Rodrigo Valenzuela in solo exhibition at Laurence Miller Gallery in New York 2.16.18

Rodrigo Valenzuela


March 8 – April 28, 2018

Laurence Miller Gallery is pleased to present INTERVENTION, the gallery’s first exhibition of 35-year-old Los Angeles-based artist Rodrigo Valenzuela. This show will feature selected photographs from three recent bodies of work: General Song, Hedonic Reversal, and Trophy Room.

Born in Chile in 1982, Valenzuela came of age during the brutal military dictatorship of Augusto Pinochet, an era when dissent was forcefully silenced by the government. After earning a BFA degree in Santiago, he migrated to the US via Canada, finding work as an undocumented day laborer in janitorial and construction jobs. These formative experiences are artfully distilled in his work. As he describes it, “My story is essentially one of coming from a blue-collar family, a family of workers. As a worker myself, I want to make a larger statement about everyday life.”  He continues:  “Gestures of alienation and displacement are both the aesthetic and subject of much of my work.”

Valenzuela takes a multi-disciplinary approach, incorporating photography, painting, video, and installations. His photographs depict immersive assemblages constructed in his studio using discarded objects such as tires, chains, aluminum siding, cinder blocks, and folding chairs.

The rugged materials used in Barricades #5, 2017, for example, suggest the construction jobs that immigrants often fill, as well as the barricades that dissident groups build to shield themselves from hostile forces. The series’ title General Song is borrowed from Pablo Neruda’s epic poem Canto General, which describes history as a vast, continuous struggle against subjugation and dispossession, one where revolutionaries and day laborers alike play their part in the Song of the Americas.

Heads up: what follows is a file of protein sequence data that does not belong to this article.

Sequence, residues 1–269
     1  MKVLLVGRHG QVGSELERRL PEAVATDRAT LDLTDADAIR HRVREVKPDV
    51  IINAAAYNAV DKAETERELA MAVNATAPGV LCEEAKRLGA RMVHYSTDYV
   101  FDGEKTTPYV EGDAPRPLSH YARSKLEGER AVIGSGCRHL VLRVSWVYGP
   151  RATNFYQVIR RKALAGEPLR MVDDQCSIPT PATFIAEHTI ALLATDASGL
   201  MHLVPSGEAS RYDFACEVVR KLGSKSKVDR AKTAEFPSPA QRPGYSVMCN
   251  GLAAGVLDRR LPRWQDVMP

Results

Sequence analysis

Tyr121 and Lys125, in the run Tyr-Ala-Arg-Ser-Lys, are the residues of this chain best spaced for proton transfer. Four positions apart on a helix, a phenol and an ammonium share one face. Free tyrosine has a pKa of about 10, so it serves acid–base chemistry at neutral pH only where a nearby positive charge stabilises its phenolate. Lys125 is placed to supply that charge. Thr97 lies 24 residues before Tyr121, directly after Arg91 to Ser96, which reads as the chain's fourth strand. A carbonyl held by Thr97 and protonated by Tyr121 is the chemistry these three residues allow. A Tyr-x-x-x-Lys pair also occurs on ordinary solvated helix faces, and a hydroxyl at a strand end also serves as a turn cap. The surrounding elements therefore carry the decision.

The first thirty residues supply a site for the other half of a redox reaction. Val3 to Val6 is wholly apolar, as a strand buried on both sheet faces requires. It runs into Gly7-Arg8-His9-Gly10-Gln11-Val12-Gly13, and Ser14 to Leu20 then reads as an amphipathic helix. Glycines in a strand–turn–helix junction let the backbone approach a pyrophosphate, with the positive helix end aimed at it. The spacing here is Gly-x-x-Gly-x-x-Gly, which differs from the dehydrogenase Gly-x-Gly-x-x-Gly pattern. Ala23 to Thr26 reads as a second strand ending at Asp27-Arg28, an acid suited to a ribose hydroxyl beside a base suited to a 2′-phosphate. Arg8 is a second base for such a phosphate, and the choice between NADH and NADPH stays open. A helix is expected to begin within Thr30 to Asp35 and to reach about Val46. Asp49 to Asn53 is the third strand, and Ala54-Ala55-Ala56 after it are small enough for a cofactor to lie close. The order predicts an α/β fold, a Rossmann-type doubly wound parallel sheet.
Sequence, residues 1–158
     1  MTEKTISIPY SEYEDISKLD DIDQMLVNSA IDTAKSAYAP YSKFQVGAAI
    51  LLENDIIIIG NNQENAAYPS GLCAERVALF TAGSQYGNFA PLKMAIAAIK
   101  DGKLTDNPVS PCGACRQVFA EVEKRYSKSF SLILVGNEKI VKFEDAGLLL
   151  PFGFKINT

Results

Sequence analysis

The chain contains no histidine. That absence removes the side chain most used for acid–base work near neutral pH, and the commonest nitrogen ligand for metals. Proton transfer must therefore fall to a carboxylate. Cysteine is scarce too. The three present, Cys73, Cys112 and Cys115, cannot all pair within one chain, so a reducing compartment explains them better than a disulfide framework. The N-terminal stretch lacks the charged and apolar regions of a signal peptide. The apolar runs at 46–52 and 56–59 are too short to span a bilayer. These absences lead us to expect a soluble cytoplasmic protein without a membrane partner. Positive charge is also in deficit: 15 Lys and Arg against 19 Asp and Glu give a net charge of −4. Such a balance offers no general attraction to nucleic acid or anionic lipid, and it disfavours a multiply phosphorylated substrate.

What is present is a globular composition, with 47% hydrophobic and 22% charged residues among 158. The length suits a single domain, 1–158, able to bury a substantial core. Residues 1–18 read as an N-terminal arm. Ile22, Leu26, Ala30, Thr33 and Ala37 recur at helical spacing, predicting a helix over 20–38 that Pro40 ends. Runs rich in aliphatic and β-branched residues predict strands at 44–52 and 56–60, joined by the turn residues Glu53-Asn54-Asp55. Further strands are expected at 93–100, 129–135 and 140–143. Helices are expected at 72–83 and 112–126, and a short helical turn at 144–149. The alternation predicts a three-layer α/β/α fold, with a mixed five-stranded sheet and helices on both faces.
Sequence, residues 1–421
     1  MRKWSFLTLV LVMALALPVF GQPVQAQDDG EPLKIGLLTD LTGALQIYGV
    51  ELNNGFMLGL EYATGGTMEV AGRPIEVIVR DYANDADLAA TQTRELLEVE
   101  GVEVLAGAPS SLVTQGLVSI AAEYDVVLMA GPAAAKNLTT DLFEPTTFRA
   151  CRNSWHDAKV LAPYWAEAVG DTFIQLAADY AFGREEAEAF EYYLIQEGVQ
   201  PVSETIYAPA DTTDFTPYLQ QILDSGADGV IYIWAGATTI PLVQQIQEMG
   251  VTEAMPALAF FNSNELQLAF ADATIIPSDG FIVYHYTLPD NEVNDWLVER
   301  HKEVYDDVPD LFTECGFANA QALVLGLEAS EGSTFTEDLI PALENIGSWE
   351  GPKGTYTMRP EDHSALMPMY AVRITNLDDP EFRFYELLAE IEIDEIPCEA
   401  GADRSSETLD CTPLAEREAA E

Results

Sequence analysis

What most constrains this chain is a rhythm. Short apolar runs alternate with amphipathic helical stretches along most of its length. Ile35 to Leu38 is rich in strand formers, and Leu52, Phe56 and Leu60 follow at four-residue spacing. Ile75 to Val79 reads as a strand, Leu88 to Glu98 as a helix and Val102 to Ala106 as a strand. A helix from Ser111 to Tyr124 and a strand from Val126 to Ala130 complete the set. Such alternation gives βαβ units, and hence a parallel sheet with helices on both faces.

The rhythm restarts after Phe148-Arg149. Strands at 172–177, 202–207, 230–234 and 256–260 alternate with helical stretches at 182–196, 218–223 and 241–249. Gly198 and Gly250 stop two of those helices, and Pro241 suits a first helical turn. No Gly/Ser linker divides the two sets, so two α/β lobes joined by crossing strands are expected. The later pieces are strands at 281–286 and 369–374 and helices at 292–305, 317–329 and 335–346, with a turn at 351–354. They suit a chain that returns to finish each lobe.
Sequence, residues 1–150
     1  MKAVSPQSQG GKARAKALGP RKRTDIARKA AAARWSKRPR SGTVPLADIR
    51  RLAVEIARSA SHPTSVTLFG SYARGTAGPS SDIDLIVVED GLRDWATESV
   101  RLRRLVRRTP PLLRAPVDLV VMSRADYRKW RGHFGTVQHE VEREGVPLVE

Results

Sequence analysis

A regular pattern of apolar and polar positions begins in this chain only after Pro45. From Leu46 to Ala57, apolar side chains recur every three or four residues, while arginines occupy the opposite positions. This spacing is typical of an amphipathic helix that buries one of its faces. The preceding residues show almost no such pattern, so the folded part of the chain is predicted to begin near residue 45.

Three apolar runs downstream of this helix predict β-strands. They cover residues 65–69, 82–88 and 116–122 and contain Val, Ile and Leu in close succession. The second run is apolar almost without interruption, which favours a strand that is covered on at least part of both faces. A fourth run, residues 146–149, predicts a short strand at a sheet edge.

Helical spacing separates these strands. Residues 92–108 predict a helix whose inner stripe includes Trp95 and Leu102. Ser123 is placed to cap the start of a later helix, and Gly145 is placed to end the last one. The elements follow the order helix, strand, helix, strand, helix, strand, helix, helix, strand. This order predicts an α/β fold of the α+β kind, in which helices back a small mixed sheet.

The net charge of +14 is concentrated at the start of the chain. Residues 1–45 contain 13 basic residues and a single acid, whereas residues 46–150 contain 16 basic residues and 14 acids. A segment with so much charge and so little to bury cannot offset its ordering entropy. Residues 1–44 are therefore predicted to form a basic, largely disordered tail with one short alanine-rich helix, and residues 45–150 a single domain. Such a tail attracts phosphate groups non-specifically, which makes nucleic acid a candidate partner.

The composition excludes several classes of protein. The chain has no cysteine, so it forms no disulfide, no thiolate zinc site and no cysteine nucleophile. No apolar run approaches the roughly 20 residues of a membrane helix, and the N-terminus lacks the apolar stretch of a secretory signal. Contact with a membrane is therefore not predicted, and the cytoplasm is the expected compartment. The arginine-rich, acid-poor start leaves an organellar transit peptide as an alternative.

In his 2014 Hedonic Reversal series, Valenzuela seeks to recreate urban decay through “ruins” constructed in his studio. Challenging the perception that most ruins are evidence of civilizations that have fallen, through economic or social failure, Valenzuela labors to “construct ruins that don’t carry pain,” but which can be appreciated for their own strength and integrity.

After constructing the assemblages, Valenzuela photographs them and enlarges the image into a mural backdrop for a second installation, repositioning the same materials again. He then re-photographs the resulting scene to produce a final monochromatic image, one that depicts an uncannily mirrored space, where the overlapping views of photograph and installation meld together. Valenzuela states:  “I engage the viewer in questions concerning the ways in which the formation and experience of each work is situated—how they exist in and out of place.”

Rodrigo Valenzuela holds degrees in photography, art history, and philosophy. His work has been widely exhibited in galleries and museums across the United States and in Chile, Mexico, and Vienna, including solo shows at the Frye Museum in Seattle and at the Museo de Arte Contemporàneo, in Santiago, Chile. His work is included in the collections of the Museum of Fine Arts Houston, the Frye Art Museum, the Tacoma Art Museum, and the Microsoft Art Collection, among others.

Valenzuela now lives in Los Angeles, where he was recently appointed Assistant Professor at the UCLA School of the Arts and Architecture, taking the position formerly held by esteemed artist James Welling.

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